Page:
Under Diagnostic Code 7323, moderate ulcerative colitis, with infrequent exacerbations, is rated 10 percent disabling.  Moderately severe ulcerative colitis, with frequent exacerbations, is rated 30 percent disabling.  Severe ulcerative colitis, with numerous attacks a year and malnutrition, the health only fair during remissions, is rated 60 percent disabling.  Pronounced ulcerative colitis, resulting in marked malnutrition, anemia, and general debility, or with serious complication as liver abscess, is rated 100 percent disabling.

The Board notes that words such as "severe," "moderate," and "mild" are not defined in the Rating Schedule.  Rather than applying a mechanical formula, VA must evaluate all evidence, to the end that decisions will be just.  See 38 C.F.R.       ง 4.6.  Although the use of similar terminology by medical professionals should be considered, it is not dispositive of an issue.  Rather, all evidence must be evaluated in arriving at a decision for an initial disability rating.  See 38 U.S.C. ง 7104; 38 C.F.R. งง 4.2, 4.6.

As noted, the Veteran is seeking an increased rating for his service connected Crohn's disease (also claimed as ulcerative colitis with inflammatory bowel disease) such claim was received by VA in July 2007, therefore the appeal period begins July 2006.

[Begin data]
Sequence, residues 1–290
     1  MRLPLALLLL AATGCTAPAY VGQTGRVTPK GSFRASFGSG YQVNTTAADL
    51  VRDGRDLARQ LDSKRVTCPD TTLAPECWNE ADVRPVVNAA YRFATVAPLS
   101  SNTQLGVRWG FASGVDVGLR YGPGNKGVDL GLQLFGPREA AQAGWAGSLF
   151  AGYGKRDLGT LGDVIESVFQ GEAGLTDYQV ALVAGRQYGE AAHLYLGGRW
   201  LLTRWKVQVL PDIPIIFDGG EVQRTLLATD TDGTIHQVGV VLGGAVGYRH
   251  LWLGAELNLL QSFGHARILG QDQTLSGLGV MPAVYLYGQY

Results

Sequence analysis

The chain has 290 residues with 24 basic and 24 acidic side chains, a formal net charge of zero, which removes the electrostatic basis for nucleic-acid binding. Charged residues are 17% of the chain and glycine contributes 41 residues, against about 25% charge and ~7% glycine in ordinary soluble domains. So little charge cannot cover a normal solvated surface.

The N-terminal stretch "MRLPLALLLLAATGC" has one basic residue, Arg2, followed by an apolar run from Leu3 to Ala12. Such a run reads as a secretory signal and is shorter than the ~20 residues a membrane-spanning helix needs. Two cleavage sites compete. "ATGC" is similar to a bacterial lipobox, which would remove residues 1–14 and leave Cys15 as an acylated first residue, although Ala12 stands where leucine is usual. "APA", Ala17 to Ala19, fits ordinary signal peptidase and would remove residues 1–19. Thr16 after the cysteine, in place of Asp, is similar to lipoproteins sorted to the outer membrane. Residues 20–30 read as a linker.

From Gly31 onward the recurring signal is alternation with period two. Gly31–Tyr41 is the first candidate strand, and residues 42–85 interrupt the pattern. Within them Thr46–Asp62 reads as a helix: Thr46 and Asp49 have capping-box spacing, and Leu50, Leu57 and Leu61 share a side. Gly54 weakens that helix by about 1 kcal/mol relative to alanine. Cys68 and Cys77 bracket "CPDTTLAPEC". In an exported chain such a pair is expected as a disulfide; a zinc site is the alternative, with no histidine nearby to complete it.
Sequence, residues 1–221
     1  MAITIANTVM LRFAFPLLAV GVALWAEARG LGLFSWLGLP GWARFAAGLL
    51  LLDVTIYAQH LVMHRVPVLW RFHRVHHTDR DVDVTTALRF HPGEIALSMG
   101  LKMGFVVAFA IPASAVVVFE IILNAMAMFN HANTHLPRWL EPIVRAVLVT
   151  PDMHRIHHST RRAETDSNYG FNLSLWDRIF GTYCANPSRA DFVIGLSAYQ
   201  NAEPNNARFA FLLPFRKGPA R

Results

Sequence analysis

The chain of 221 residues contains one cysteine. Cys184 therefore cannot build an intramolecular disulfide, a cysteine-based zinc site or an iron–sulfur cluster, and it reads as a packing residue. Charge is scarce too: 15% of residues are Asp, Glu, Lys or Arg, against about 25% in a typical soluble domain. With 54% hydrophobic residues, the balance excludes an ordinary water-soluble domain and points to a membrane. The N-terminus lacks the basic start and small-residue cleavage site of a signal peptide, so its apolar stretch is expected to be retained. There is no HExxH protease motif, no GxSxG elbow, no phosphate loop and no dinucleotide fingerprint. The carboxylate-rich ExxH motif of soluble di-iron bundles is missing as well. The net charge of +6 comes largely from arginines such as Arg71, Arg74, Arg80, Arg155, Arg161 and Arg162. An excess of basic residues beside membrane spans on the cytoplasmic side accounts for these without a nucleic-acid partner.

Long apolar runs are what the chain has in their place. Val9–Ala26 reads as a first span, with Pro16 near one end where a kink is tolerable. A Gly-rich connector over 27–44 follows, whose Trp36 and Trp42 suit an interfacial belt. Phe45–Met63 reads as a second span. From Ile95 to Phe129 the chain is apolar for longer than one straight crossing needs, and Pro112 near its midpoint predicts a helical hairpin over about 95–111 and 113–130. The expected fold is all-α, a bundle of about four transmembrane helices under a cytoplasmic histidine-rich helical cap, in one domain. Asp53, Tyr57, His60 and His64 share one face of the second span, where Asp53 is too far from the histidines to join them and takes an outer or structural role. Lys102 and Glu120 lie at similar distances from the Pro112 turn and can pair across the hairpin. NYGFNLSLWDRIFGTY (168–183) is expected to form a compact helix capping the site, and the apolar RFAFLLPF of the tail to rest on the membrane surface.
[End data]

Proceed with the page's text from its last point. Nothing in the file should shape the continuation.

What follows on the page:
The Veteran's post-service treatment records reflect the Veteran's continued complaints and treatment for his service-connected Crohn's disease (also claimed as ulcerative colitis with inflammatory bowel disease).  The Veteran reported nausea and vomiting, fluctuating diarrhea and constipation, bloody stools, fatigue, and sore joints.  The records also note that the Veteran was treated for mild anemia as a result of his service-connected condition.  

The Veteran underwent a December 2007 VA examination for his ulcerative colitis with inflammatory bowel disease.  The examiner noted that the Veteran had been diagnosed with ulcerative colitis in 1983 when he developed abdominal pain with bloody stool and mucus.  The examiner noted that the condition affected the Veterans general health by causing generalized arthralgias and myalgias, as well as impacting the Veteran's weight.  The Veteran reported nausea and vomiting, diarrhea and alternating diarrhea and constipation, without chronic constipation.  He reported abdominal pain, characterized as cramps, which occurred more than 2/3 of the year.  He noted that his cramps occurred intermittently, as often as 3 times a week and lasted about an hour at a time.  He reported that he had not been hospitalized nor had surgery for his condition.  Upon examination, the examiner noted that the Veteran was well nourished and in no acute distress.  The Veteran's abdomen was tender to palpation, but no findings of liver enlargement, distention of superficial veins, striae on the abdominal wall, ostomy, ascities, splenomegaly or aortic aneurysm.  The examiner found that the Veteran had abdominal tenderness of the right lower quadrant and epigastric area, but no rebounding or guarding and no intestinal fistula.  CBC testing was normal.  The examiner found that the Veteran had ulcerative colitis with inflammatory bowel disease, because of his subjective accounts and objective physical examination and medications.  The examiner noted that there was no anemia or malnutrition.